In the instant case, Bisceglie's unrefuted allegation that the plaintiff's affidavit in support of its motion for summary judgment, purportedly based upon personal knowledge, was in fact signed by a limited signing officer who had no personal knowledge of the facts, was a proper basis upon which to set aside the determination awarding summary judgment to the plaintiff (see CPLR 5015[a][3]; James v U.S. Bank Natl. Assn., 272 FRD 47 [D Me]; HSBC Mtge. Corp. [ USA ] v Gerber, 100 A.D.3d 966), and to preclude any successive motions for summary judgment (see Sutter v Wakefern Food Corp., 69 A.D.3d 844, 845). Hence, the Supreme Court properly granted that branch of Bisceglie's motion which was, in effect, to vacate the order dated May 13, 2013, inter alia, granting that branch of the plaintiff's motion which was for summary judgment on the complaint insofar as asserted against her. Nonetheless, where a motion for summary judgment is based solely upon an affidavit of someone with no personal knowledge of the facts, that circumstance generally presents only a ground for the denial of summary judgment (see HSBC Mtge. Corp. [ USA ] v Gerber, 100 A.D.3d 966), not a ground to dismiss the action. Bisceglie failed to establish grounds to dismiss the action against her with prejudice, and there is no basis in this record supporting that request for relief. Accordingly, the Supreme Court improperly granted that branch of Bisceglie's cross motion which was, in effect, to dismiss the action against her with prejudice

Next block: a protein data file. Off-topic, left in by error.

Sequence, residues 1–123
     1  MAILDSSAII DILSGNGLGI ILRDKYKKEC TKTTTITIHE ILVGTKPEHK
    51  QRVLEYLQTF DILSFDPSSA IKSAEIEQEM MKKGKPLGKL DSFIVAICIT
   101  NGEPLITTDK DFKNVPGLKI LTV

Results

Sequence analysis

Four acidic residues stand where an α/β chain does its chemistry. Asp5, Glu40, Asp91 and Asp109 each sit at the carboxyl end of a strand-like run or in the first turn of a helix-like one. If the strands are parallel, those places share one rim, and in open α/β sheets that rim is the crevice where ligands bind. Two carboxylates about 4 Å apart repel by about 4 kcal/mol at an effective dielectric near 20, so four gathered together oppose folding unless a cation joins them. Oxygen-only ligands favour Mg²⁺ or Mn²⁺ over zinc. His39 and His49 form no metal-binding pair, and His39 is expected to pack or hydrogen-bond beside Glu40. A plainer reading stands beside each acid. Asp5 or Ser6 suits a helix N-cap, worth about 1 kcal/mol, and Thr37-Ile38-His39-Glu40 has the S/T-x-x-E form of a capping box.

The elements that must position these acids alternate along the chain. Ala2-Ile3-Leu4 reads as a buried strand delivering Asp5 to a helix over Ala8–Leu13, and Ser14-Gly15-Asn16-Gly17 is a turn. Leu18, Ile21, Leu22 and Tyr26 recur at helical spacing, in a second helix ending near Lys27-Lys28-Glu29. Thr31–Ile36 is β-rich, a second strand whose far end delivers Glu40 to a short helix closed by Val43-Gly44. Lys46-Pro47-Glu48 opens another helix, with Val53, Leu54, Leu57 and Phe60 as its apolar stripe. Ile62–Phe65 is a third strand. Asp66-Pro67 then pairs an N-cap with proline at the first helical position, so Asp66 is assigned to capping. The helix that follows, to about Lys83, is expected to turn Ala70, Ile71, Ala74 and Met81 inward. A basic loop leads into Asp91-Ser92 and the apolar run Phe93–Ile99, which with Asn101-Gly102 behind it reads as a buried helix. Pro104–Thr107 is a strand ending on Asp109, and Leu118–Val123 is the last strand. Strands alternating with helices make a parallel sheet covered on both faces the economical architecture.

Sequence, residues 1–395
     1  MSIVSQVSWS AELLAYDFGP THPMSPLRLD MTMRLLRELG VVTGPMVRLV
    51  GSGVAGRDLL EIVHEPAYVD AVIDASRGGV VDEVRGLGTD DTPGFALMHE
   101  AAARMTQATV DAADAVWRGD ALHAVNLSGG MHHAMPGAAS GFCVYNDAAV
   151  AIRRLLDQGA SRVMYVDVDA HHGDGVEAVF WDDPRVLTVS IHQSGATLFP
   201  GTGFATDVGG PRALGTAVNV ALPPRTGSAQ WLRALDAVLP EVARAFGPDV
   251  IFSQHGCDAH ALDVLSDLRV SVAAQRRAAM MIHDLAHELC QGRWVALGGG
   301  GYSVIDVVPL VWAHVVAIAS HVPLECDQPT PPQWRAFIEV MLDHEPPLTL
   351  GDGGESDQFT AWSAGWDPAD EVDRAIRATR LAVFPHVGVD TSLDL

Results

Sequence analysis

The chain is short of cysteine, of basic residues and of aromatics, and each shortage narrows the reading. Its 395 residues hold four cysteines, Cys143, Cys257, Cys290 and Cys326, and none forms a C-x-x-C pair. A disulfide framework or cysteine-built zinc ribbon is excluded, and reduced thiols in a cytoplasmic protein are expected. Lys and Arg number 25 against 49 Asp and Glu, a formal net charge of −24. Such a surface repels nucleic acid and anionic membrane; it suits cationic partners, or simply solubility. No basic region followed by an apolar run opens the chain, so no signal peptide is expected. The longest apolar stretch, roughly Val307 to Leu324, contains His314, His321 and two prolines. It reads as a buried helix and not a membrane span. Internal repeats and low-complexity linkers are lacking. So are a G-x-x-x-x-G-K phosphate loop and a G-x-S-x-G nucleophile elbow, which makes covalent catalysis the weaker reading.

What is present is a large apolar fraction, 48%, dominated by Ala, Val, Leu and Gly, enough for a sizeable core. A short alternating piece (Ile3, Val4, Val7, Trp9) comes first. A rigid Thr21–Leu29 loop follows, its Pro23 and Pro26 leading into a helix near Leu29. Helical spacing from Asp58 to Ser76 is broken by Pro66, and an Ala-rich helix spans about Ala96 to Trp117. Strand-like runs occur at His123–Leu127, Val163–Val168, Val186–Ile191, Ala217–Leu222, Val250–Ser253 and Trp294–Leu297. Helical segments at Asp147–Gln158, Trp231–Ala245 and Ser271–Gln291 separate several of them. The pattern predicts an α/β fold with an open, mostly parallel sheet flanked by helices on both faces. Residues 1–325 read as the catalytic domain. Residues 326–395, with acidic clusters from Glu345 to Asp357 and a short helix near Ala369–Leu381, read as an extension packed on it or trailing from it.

The plaintiff's remaining contentions either are without merit or need not be addressed in light of our determination.

SKELOS, J.P., ANGIOLILLO, ROMAN and HINDS-RADIX, JJ., concur.